The question of how often women should get mammograms remains contested, with advisory panels and medical societies disagreeing on how early and how often they should be used to find breast cancer.

But those discussions rarely mention cost. And the financial implications are huge.

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The Salt
2:02 pm
Tue February 4, 2014

Sweet Tooth Gone Bad: Why 22 Teaspoons Of Sugar Per Day Is Risky

Even seemingly healthful foods can contain unexpected spoonfuls of sugar.
Meg Vogel/NPR

Originally published on Tue February 4, 2014 6:00 pm

We've written lots lately about the potentially addictive qualities of sugar and the public policy efforts to limit consumption.

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The Two-Way
1:47 pm
Tue February 4, 2014

Congress Sends 5-Year Farm Bill To White House

Originally published on Wed February 5, 2014 6:09 am

With a vote of 68-32, the Senate approved a sweeping farm bill Tuesday that will set rules and practices for American agriculture for five years. The bill does away with controversial direct cash payments made to farmers under a subsidy system, replacing it with crop insurance.

The provisions in the Federal Agriculture Reform and Risk Management Act of 2013 bear signs of compromise between Republicans and Democrats, on issues ranging from food aid programs to budget cuts.

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It's All Politics
1:45 pm
Tue February 4, 2014

Surgeon General Pick's Tweets Annoy GOP, But Not Enough To Block Him

Dr. Vivek Murthy, President Obama's nominee to be the next U.S. surgeon general, testifies Tuesday on Capitol Hill before the Senate Health, Education, Labor and Pensions Committee hearing on his nomination.
Charles Dharapak AP

Originally published on Wed February 5, 2014 9:50 am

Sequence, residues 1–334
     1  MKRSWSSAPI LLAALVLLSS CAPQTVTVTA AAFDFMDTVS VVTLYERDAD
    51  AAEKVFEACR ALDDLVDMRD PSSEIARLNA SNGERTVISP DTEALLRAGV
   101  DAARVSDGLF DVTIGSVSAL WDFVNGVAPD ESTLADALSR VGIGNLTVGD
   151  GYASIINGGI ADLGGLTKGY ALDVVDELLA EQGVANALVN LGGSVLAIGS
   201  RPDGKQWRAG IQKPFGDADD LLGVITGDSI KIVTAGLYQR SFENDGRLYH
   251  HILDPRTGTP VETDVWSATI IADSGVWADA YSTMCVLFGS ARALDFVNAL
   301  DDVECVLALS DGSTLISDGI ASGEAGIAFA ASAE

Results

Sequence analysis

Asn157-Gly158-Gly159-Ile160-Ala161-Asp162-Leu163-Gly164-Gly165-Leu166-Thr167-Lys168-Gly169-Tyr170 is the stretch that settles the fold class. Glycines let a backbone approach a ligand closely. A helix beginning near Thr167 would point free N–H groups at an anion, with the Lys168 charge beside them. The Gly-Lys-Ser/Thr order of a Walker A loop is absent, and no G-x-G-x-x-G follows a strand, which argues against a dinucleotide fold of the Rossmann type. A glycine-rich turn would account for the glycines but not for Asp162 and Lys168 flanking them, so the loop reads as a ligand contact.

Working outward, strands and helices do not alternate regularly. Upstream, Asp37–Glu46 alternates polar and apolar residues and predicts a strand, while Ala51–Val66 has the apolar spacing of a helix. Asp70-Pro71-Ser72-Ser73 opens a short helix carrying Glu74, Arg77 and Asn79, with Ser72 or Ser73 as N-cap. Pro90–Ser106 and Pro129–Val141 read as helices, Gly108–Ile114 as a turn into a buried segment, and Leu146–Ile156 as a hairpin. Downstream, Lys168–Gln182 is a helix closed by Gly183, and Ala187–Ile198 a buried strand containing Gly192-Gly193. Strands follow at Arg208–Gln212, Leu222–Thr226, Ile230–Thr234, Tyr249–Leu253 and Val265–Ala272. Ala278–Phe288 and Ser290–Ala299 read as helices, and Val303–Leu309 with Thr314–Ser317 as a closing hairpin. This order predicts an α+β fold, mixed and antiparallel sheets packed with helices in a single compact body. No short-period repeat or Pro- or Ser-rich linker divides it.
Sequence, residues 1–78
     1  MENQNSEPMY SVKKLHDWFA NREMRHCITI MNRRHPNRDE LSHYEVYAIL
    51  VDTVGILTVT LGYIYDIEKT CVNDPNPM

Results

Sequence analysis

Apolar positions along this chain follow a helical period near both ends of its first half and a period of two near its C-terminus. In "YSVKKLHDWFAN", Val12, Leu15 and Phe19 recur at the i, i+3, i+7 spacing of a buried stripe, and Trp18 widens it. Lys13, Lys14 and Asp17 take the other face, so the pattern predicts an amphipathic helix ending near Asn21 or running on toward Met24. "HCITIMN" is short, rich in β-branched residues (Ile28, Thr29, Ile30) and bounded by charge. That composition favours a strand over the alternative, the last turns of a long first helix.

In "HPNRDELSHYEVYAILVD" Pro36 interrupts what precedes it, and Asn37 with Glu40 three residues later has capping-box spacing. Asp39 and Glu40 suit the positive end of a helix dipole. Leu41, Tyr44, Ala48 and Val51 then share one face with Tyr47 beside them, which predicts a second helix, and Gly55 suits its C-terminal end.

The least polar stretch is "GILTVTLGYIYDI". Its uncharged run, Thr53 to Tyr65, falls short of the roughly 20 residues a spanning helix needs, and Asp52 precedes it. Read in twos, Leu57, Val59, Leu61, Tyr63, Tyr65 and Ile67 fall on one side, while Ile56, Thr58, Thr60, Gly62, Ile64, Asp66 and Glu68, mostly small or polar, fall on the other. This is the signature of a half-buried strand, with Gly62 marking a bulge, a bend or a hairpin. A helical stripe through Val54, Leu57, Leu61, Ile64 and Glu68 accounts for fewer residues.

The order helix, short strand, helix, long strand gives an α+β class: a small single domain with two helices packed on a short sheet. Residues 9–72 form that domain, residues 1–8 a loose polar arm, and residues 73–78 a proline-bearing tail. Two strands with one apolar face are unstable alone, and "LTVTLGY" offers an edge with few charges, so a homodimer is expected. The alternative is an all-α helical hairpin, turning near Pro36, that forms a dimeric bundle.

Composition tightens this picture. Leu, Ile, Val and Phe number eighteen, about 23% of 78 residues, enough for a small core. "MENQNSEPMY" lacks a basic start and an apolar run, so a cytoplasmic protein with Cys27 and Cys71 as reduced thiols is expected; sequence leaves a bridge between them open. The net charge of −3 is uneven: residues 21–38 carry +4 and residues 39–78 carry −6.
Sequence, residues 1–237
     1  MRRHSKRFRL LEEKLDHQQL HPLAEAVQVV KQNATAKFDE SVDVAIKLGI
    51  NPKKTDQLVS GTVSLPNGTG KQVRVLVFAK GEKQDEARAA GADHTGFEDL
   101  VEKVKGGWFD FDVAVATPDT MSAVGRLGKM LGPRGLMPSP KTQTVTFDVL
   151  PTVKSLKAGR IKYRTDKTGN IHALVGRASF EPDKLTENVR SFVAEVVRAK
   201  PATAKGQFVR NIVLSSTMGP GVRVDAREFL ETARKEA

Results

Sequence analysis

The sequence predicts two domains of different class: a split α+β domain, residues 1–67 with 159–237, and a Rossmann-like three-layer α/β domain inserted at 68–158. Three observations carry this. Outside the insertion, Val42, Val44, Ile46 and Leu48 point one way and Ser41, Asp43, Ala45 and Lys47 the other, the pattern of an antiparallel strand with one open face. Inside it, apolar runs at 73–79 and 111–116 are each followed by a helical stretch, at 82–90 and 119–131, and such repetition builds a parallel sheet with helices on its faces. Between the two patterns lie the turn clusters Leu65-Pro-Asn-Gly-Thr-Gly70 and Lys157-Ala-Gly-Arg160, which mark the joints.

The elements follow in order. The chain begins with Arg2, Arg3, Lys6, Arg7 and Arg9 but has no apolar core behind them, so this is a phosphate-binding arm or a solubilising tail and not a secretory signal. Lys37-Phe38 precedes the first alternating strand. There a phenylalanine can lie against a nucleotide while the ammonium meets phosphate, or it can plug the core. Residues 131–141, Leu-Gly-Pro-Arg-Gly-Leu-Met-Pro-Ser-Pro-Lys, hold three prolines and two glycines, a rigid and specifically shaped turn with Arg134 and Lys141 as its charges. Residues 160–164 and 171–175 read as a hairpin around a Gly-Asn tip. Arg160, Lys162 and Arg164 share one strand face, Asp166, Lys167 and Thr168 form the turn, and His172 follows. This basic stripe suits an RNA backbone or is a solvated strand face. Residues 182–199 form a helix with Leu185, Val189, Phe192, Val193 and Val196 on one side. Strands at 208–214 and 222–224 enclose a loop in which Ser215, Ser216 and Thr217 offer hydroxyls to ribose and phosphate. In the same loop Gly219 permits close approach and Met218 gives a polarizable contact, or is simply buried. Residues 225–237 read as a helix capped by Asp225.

Boston physician Vivek Murthy was expected to run into political headwinds Tuesday during his Senate confirmation hearing for the post of the nation's top doc — surgeon general.

Murthy, 36, the founder of a national physicians group that worked to pass the Affordable Care Act, was seen by some as vulnerable to GOP attacks because of his political work, his youth and his less-than-a-lifetime of public health experience — not to mention a few impolitic tweets guaranteed to rile conservatives.

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Shots - Health News
1:30 pm
Tue February 4, 2014

Drugmakers And NIH Band Together To Speed Up Research

Dr. Francis Collins, director of the National Institutes of Health.
NIH

The National Institutes of Health is teaming up with major drug companies in a new effort to identify disease-related molecules and biological processes that could lead to future medicines.

The public-private partnership is called AMP, for the "Accelerating Medicines Partnership," and it will focus first on Alzheimer's disease, Type 2 diabetes, and two autoimmune disorders: rheumatoid arthritis and lupus.

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The Two-Way
12:14 pm
Tue February 4, 2014

Navy Investigating Alleged Cheating By Nuclear Trainees

Originally published on Tue February 4, 2014 2:14 pm

The Navy is investigating alleged cheating on tests by sailors training on nuclear reactors and propulsion at a Navy school, senior navy officials at the Pentagon tell NPR's Tom Bowman.

The extent of the cheating is unknown, but the AP reports that the cheating did not involve nuclear weapons so it "is not comparable to the Air Force's investigation of alleged cheating by officers who operate land-based nuclear missiles."